In our taxonomy, we assume an external man-in-the-middle attacker who can passively eavesdrop on, as well as actively inject, modify, or drop messages between the communicating parties. The attacker can also connect to multiple servers in parallel. Furthermore, the attacker has access to bounded computational resources that allow him to break weak cryptographic primitives.

5 Methodology

First, to devise the taxonomy, we analyse fifteen published cases of downgrade attacks that relate to TLS from: [17][2][4][6][27][16][33][5][24][3] (some papers have more than one attack). These attacks represent all the notable published downgrade attacks that we are aware of, starting from the first version of TLS (SSL 2.0) until draft-10 of the upcoming version (TLS 1.3). We summarise them in section 6. Second, we extract the features that characterise each attack (which we refer to as vectors), namely: the attacker targets an element that defines the mode of the protocol which can be the protocol algorithms, version, or the TLS layer, in order to modify or remove. The attacker also needs to exploit a vulnerability, which can be due to implementation, design, or trust-model. The downgrade is achieved by using a method which can be message modification, dropping, or injection. Finally, the attack results in a damage which can be either broken security or weakened security. These four main vectors are intrinsic to any downgrade attack under the specified attacker model and can therefore be used to characterise each attack in that model. Third, after identifying the vectors, we devise the taxonomy. We define the notions of the taxonomy’s categories and sub-categories in section 7. Finally, we show the taxonomy’s application in classifying known TLS downgrade attacks.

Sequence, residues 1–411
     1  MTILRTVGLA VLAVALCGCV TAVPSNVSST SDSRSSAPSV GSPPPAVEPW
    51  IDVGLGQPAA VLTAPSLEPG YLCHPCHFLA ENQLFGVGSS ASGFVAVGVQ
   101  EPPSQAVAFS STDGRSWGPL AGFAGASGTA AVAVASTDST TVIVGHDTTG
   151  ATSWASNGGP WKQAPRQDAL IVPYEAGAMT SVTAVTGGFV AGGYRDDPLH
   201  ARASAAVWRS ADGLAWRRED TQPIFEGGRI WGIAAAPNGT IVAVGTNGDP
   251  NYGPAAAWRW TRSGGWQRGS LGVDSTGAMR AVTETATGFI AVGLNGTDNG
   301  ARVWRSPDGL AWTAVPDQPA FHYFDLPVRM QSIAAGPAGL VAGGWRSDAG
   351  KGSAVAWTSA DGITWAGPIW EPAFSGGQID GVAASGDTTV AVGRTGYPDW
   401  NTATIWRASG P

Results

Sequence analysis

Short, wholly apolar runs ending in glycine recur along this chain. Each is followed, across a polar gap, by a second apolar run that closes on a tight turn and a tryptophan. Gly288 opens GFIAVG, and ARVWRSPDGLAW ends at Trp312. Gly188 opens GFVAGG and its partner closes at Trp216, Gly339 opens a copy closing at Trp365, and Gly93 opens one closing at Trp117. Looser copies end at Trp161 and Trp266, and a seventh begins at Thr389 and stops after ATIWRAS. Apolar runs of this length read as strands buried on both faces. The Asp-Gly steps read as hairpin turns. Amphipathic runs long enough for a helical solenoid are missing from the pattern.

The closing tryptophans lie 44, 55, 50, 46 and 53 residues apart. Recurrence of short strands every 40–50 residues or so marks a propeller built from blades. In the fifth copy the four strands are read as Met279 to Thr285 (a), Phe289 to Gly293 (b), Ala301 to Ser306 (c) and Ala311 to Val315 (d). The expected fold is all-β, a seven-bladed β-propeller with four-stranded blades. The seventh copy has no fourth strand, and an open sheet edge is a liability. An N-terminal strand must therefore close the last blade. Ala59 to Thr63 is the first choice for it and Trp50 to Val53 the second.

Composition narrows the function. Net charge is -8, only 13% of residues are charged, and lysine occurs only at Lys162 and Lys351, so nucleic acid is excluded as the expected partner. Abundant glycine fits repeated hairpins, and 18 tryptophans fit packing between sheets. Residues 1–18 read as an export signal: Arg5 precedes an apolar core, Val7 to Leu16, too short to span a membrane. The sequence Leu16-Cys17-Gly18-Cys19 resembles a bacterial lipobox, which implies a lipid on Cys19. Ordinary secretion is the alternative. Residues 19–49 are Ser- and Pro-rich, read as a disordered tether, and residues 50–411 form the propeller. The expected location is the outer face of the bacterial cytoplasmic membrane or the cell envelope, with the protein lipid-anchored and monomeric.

6 Downgrade Attacks in TLS, a Brief Survey

In this section, we briefly survey the TLS downgrade attacks that we have analysed in order to devise the taxonomy. We highlight the attack names in Bold and we use these names throughout the paper. We assume the reader’s familiarity with the TLS technical details. The unfamiliar reader is advised to read Appendix A, which provides the required background to comprehend the rest of the paper.